Chemicals to avoid during pregnancy
Many pregnant women wonder what’s okay during pregnancy and what is not. Smoking cigarettes and drinking alcohol can definitely harm your baby. But the effects of other substances, such as hair dye, are uncertain. If you don’t have to expose yourself to unknown risks, it’s probably best to avoid them.
Talk with your doctor about any medication you take (even those you take occasionally, like asthma medicine). Some medicines can harm your baby, whereas it is important to keep taking others for your health. This includes prescription drugs and any over-the-counter medicines you buy in a drug store or supermarket. If a medicine you use is not safe, your clinician often can suggest safer ones. Although it is important to take certain medicines, in general, avoid all medicines except acetaminophen (such as Tylenol), and prenatal vitamins (if prescribed) if possible.
Colds or respiratory infections are the most common reasons pregnant women require medication. The following medications are considered safe during pregnancy:
Cough drops (with the exception of zinc)
Saline nasal spray
Some chemicals are known to cause birth defects, but not enough is known about many others. Anything you touch or breathe may get into your bloodstream and reach your baby. So ask someone else to handle any items that may be harmful, including the list below, or at least think carefully before you do so:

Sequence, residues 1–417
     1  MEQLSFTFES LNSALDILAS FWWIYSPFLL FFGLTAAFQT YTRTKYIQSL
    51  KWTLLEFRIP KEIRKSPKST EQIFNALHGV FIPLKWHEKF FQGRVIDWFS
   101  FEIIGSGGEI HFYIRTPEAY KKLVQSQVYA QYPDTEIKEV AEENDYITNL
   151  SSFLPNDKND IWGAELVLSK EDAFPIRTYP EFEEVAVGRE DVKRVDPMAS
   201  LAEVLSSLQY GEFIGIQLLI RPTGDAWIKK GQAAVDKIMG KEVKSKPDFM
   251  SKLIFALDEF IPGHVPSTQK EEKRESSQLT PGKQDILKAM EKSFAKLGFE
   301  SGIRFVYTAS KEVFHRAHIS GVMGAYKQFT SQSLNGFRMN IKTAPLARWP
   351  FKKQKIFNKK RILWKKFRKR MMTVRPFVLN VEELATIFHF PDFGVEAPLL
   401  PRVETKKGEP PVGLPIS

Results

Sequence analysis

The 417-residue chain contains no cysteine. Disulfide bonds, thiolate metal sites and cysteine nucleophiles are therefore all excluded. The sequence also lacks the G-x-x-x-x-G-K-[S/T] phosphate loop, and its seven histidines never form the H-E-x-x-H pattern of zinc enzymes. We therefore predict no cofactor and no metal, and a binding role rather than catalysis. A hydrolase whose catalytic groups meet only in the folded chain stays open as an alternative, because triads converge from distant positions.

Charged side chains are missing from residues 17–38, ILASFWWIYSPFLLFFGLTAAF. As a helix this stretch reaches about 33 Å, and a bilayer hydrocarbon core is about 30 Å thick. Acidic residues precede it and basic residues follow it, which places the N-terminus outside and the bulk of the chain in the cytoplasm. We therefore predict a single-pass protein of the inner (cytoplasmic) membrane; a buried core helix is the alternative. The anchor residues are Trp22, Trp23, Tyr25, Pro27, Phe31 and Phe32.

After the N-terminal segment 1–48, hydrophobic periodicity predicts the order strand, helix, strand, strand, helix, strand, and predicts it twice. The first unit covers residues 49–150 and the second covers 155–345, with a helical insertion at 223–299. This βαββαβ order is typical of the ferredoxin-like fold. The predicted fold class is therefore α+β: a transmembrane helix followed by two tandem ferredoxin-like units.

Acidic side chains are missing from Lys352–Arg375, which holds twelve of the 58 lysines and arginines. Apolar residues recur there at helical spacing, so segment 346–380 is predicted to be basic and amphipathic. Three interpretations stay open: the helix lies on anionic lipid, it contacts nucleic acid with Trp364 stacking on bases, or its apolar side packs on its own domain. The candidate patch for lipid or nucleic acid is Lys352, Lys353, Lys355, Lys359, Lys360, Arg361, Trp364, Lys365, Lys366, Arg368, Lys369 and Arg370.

Cleaning: Avoid oven cleaner, aerosol spray cleaners, dry cleaning fluids, spot removers
Painting: Avoid latex or oil-based paints, varnish, shellac, turpentine, paint strippers
Lawn or garden: Avoid insecticides, weed killers, fertilizers
Home renovation: Do not remove paint or do home renovation on any area in your home where lead paint might have been used. Even small repairs of painted surfaces can stir up lead dust.
Always read labels and follow directions and warnings exactly. Wear gloves and carefully wash any skin that touches chemicals.